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Surprising Satellite Use Cases with Sidus Space

Surprising Satellite Use Cases with Sidus Space

Sidus Space CTO Jamie Adams discusses space-as-a-service and more.

Surprising Satellite Use Cases with Sidus Space
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Presented by Sidus Space
Aired May 04, 2023
Get to know the ins and outs of satellite missions, standardizing the operating system of the space industry, and the various applications for satellite technology, featuring Jamie Adams, Chief Tec...

Welcome to Public Live, your real-time resource for insight into the news, people and assets making moves in the markets. Public Live audio shows give you context into the headlines and trends surrounding your portfolio so you can be a better investor. These sessions are not direct investment advice. So listen in, but always do your own research. See public.com/disclosures for more information with that, let's get things started. 

Kinsey Grant: Hello everybody and welcome once again to Public Live. I am your host Kinsey Grant. I'm so excited to bring you today's show, which is all about space and space technology. We have a great conversation lined up and I'm super excited to jump right into it. Before we do, a quick note: today's show is brought to you by Sidus Space. They provide space-as-a-service products for the space economy. Welcome to today's guest, Jamie Adams, Chief Technology Officer at Sidus Space. Jamie, welcome to Public Live.

Jamie Adams: Thanks very much, Kinsey. Great to be here and look forward to our conversation today. 

Kinsey Grant: I think a lot of the people who are listening to this conversation probably have had space on the brain for a couple of reasons. Recently, a failed launch from SpaceX was in the headines and since then it seems like the space industry has really re-entered the conversation as investors. Jamie, I want to start with a specific question. As we mentioned at the top here, you offer space-as-a-service as a company. Tell me a little bit more about what that means?

Jamie Adams: Space-as-a-service in relation to the work that we're doing at Sidus Space includes building satellites as well as, providing the satellite data, imagery, and a lot more. Our goal is to reduce the cost timeline and operational barriers to space access, making it easier for these projects to be more affordable for organizations, individuals and government agencies to access space. We also make space data [captured via satellite technology] more affordable. We do it through an end-to-end solution. We've got a unique ability to support the full spectrum of satellite development and operations throughout. We also provide space-based aid for numerous industries, including maritime industry, agriculture, mining, forestry, oil and gas production. You name it, there are applications for Earth observation data. Our focus is on providing valuable data and services that serve those diverse sectors. We design our satellites in-house. So that makes us flexible with respect to being able to accommodate customers and needs of users as they emerge, and then also evolve it as the technology evolves. We can incorporate those new sensors and new technologies more rapidly instead of having a stagnant profile of satellites that are working.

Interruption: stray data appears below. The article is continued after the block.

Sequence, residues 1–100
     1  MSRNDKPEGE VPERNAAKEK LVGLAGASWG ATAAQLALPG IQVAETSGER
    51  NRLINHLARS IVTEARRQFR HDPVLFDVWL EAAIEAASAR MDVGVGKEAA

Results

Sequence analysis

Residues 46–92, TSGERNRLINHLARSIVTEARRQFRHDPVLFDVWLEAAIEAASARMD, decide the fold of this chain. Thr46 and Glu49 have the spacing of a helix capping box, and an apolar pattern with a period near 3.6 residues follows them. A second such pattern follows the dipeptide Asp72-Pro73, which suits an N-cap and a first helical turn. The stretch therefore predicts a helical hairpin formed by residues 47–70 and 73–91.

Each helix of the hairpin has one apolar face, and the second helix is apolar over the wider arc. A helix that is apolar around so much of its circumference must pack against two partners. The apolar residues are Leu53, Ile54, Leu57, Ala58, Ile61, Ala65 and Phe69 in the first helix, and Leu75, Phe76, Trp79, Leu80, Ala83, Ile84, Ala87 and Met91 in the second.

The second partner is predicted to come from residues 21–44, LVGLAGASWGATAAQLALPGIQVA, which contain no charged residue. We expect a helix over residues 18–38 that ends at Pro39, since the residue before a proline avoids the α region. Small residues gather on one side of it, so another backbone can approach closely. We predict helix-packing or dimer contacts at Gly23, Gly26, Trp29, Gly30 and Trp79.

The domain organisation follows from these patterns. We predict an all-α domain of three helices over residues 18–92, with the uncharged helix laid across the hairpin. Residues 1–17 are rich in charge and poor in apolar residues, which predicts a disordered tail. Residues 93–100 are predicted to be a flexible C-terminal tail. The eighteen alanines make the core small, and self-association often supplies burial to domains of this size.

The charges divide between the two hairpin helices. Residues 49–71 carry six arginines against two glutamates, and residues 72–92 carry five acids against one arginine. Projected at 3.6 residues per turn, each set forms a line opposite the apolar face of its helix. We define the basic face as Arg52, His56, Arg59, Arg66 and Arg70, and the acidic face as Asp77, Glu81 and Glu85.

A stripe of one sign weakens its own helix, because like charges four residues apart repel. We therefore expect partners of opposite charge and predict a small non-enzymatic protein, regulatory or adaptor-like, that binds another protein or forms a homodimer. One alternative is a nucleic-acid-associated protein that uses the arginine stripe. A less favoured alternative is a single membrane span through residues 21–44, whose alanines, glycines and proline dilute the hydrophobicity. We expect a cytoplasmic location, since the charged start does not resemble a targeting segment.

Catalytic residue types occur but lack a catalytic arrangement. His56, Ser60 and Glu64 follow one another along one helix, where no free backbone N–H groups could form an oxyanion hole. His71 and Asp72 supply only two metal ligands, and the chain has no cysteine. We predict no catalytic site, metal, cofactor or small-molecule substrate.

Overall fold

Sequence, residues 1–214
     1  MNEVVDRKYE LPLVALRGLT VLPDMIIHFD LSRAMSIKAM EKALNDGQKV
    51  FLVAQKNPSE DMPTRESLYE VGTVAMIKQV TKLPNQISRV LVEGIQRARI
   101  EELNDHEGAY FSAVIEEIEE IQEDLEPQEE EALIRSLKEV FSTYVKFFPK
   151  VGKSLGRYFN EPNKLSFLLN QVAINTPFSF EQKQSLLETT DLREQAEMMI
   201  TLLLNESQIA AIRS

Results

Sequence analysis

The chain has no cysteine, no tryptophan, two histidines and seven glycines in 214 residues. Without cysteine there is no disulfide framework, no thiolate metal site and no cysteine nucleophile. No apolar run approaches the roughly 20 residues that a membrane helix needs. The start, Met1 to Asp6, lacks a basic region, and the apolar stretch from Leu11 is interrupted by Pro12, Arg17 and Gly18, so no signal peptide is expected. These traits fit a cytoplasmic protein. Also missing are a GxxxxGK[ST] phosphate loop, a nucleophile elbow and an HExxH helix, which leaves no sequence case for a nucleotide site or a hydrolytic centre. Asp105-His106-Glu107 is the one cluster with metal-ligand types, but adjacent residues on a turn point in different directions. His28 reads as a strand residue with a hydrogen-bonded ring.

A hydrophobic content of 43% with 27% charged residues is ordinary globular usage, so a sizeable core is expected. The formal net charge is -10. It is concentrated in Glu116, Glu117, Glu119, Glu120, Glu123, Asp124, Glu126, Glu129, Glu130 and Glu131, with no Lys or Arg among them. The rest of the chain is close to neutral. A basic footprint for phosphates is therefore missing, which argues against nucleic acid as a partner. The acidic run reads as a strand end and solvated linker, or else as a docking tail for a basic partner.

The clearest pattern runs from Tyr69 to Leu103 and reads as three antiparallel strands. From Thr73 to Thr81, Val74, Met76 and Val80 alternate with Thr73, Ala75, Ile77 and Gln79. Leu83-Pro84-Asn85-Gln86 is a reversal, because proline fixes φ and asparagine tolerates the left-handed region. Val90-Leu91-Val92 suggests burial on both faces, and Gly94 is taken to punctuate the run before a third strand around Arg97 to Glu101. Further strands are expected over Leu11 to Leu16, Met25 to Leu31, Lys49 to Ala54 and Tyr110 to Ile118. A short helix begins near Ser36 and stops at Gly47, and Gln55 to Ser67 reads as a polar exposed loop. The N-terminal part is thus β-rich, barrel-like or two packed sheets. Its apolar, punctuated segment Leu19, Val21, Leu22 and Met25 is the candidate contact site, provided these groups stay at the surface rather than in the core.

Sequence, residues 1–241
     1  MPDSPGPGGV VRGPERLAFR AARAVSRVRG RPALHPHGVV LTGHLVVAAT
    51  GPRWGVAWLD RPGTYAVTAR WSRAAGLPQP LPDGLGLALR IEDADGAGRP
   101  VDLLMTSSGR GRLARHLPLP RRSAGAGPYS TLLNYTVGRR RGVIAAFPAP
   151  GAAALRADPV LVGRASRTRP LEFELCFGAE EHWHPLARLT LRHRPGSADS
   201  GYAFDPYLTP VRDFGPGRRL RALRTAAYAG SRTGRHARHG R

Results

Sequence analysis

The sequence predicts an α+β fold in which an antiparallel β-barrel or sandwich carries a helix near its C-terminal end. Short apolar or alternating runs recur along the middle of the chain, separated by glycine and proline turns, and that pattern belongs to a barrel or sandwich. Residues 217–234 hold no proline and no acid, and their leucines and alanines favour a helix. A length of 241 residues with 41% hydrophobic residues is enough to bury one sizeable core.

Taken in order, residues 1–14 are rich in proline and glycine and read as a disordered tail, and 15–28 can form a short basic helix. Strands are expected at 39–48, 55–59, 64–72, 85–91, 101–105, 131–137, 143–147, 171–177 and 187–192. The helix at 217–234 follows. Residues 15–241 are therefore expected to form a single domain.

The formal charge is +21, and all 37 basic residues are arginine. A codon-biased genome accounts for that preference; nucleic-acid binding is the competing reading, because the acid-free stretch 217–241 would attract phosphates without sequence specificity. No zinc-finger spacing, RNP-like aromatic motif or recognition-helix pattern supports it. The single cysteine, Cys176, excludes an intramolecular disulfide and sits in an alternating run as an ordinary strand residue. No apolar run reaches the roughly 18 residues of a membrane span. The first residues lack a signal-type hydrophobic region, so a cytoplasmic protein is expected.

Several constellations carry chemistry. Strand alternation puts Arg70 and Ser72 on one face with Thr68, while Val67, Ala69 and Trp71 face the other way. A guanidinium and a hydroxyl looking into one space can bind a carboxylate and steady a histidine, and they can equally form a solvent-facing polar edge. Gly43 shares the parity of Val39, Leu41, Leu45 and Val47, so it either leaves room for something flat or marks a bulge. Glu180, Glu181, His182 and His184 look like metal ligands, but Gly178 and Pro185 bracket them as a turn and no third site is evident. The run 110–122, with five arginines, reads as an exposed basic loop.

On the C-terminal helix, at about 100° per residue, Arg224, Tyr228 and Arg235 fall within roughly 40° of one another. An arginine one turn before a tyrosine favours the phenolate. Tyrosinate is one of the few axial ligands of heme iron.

Kinsey Grant: You mention the goal, or at least part of the goal for Sidus Space is to reduce costs, reduce operational barriers and cost. When it comes to an industry like space, it's an expensive business to be in, so there are a ton of operational barriers there. I'm curious about how this idea of standardization might come into play in your effort to reduce the costs and operational barriers for space or space-based companies. Tell me a little bit about standardization as it factors into your business.

Jamie Adams: It's a great question. There's really no standard operating system or standard approach to developing satellites. So, we're not required to follow particular standards. But we do and have adopted the NASA standards to apply to our satellite development, and what that does for us, working with NASA and DOD, is it allows us to adopt some of the best practices that come out of what there have developed over the course of many years of experience. For example, we use the NASA corps flight software on our satellite, and one of the things that it does is it creates an open interface and open-source solution to consumers who can more readily adopt. It is a little bit easier to adopt and incorporate into the overall architecture so that when consumers come to the table, they have something that they can readily adapt to. We also apply the standards that we have with respect to our ITU filings and the overall adoption of best practices that facilitate working with industry and using terminology that they readily understand. The other thing is for us as a company is that we've been in the business of manufacturing space components for every large program all the way back to the space shuttle. So we've been in the industry for quite a long time.